Minecraft has long been of interest to those in the architecture, engineering and construction (AEC) industry. After all, the indie game, which burst onto the scene in 2011, is all about designing and constructing buildings (and even wiring an electrical system, if you’re savvy).
The trouble is that the game isn’t very realistic. With its ridiculous physics, endless build height and limitless materials, it doesn’t exactly give a clear picture of current construction practices.
As Mark McKane and David Comiskey of the Northern Ireland BIM Steering Group explained, though, this could quickly change with a mod called BeIMCraft—which combines building information modeling (BIM) practices with Minecraft for AEC education.
BeIMCraft: Story Mode
It all started with an idea.
Minecraft can already import Revit models to create "worlds," so why not use it to teach BIM and construction practices? (Image courtesy of BeIMCraft.)
Timothy Hegarty has been very active in social media surrounding BIM and is a Minecraft enthusiast. Hegarty was aware of the educational applications of the game, as well as its existing capabilities to import Revit and IFC models, and thought it could work to put two and two together.
“As part of the network of the BIM Steering Group, other people from the industry were getting in contact with us and asking how they could get involved,” McKane explained. Hegarty pitched the idea to McKane and Comiskey, both of whom were working at Ulster University, that it might work to use Minecraft as a way to harvest new talent into the built environment programs in universities and colleges and ultimately into the AEC industry.
At first, McKane wasn’t sold on the idea—after all, it was entirely possible that Minecraft was silly nonsense that would die off in popularity in a few years. The more the idea was tossed around between McKane and Comiskey, however, the more appeal it had.
“At the time, I wasn’t overly familiar with Minecraft,” Comiskey admitted. “I knew a lot of my nieces and nephews would play it, and Mark’s children as well. I just thought it would be worth investing in it because it’s so popular globally and there’s some way we could link it with BIM to try to get the kids into it.”
Minecraft is already a popular game for students, so with a bit of additional coding, it holds the potential to teach proper construction techniques, including laying foundations as shown here. (Image courtesy of BeIMCraft.)
After all, sources have suggested that there could be a 10-year shortage of AEC professionals in the UK, especially in the aftereffects of the global recession, which has had a huge impact on recruitment to schools for the built environment across the world. We will need a way to entice new talent into the field and BeIMCraft (Built Environment Information Modeling Craft) could just be the way to do it.
Learning to Play the Game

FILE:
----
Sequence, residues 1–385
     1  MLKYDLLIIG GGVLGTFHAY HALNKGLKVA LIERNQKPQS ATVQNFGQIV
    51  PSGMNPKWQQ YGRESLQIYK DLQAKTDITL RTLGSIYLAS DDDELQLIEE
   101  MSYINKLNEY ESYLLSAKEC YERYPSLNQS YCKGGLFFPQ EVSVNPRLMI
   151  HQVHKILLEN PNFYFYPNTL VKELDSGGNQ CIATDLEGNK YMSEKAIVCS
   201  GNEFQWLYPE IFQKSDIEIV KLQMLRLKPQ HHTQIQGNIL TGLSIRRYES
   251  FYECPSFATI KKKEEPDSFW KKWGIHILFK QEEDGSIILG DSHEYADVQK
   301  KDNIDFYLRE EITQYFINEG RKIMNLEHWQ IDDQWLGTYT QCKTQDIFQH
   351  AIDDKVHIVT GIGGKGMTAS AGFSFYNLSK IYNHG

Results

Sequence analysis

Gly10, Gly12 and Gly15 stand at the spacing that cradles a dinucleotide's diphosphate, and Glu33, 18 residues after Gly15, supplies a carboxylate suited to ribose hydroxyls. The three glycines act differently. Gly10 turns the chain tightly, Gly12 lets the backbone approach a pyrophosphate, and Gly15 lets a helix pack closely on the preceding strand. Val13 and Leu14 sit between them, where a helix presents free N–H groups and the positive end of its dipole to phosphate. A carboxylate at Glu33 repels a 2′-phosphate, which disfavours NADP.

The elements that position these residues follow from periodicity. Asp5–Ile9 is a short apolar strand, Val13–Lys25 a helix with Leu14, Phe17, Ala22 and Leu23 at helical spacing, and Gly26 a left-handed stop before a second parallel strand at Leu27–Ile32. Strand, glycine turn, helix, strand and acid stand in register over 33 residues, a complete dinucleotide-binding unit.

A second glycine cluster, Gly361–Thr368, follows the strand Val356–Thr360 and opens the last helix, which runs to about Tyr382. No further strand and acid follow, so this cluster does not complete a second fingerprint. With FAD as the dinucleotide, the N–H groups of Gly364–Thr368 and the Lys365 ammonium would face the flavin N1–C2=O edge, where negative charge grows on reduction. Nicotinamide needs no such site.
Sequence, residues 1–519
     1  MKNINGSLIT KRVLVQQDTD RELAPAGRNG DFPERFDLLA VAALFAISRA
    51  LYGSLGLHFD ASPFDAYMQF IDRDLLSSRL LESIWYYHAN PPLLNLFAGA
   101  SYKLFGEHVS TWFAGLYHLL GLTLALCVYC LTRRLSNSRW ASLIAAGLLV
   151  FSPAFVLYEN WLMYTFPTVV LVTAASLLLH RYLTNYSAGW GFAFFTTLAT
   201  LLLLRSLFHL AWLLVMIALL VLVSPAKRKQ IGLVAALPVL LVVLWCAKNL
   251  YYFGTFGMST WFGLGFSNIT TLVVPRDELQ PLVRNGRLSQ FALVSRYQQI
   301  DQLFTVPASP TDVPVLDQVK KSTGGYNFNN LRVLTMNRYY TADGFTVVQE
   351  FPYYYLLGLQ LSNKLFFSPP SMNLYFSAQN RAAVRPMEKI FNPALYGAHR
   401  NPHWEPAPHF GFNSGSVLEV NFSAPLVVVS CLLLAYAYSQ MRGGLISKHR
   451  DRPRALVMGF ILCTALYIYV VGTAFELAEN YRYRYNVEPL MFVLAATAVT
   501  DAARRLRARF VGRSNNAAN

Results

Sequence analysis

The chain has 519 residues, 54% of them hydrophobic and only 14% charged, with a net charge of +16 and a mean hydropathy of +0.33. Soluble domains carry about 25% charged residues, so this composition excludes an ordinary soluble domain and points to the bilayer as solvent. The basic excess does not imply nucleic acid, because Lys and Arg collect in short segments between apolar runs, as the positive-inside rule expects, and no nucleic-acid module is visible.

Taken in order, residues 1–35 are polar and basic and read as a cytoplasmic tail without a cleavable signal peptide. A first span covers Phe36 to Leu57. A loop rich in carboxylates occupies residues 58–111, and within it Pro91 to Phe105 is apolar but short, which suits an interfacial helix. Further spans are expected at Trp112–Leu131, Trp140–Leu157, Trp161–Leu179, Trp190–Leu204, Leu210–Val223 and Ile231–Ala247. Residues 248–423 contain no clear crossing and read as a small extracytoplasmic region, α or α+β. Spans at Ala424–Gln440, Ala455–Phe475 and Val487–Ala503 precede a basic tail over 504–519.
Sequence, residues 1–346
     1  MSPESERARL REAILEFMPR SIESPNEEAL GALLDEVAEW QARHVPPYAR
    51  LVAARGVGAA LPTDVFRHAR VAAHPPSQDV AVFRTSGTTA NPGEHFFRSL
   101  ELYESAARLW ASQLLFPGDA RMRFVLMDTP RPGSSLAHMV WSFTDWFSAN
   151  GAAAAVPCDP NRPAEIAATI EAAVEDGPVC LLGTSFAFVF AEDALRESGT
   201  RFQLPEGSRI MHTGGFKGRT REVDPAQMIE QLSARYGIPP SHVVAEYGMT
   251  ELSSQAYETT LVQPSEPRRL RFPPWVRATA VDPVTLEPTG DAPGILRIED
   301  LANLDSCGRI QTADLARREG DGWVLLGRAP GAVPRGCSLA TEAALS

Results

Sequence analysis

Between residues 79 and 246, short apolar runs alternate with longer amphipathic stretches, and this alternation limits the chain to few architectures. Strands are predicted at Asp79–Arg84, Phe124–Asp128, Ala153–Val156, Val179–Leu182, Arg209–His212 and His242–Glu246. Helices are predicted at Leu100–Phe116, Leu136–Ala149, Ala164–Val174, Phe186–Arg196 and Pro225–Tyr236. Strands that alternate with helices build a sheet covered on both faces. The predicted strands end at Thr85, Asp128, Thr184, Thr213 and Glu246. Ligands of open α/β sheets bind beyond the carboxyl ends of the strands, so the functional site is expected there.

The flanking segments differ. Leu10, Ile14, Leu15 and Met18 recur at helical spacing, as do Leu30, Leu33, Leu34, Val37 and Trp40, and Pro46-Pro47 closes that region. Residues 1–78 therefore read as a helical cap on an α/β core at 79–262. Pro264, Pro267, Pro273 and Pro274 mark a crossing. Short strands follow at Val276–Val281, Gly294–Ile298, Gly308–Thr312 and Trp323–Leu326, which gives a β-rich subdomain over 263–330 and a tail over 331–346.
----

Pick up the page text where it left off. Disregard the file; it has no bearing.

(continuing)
The first step after deciding to go ahead with the project was to get funding. The trio decided to apply for funding from the university, which was successful.
After that, they approached a fellow Minecraft-in-education evangelist, Stephen Reid of Immersive Minds. Reid had been doing a lot of general work with Minecraft in schools, which was not necessarily related to the construction industry, but he was keen to get involved with BeIMCraft.
The mod is still in its development stages and is designed to work with Minecraft Education, which is an actual offering from Mojang that aims to promote collaborative problem solving. The platform acts as a cloud server via Office 365 to enable entire classrooms to play.
Ready Player One
The gameplay is similar to the original Minecraft game, but with a few major tweaks to make it reminiscent of a modern building project workflow.
First off, let’s look at the fact that Minecraft is, for the most part, a single-player game. Multiplayer versions work both in local co-op and server setups, but players don’t need to cooperate to accomplish anything and many prefer to keep their own worlds where other players can’t “spill” lava buckets on their prize structure.
In BeIMCraft, players are on a team. Before they even enter the game, they will receive a brief on how much time and money they have at their disposal to finish the project. They will also need to decide who will take on which role for the project—who will be the architect, who will be the engineer and so on.
“What we’re trying to do here is replicate the interdisciplinary working of a project team,” explained McKane.
When players sign into the game, this will be treated as clocking in. The game times how long teams work on their projects and multiplies this by an hourly rate to keep track of the project’s budget. Because the mod is still in development, teams currently have to sign in together, but McKane and Comiskey hinted that the eventual plan is to set it up so that players can log in remotely, much like a common data environment (CDE) on a BIM project.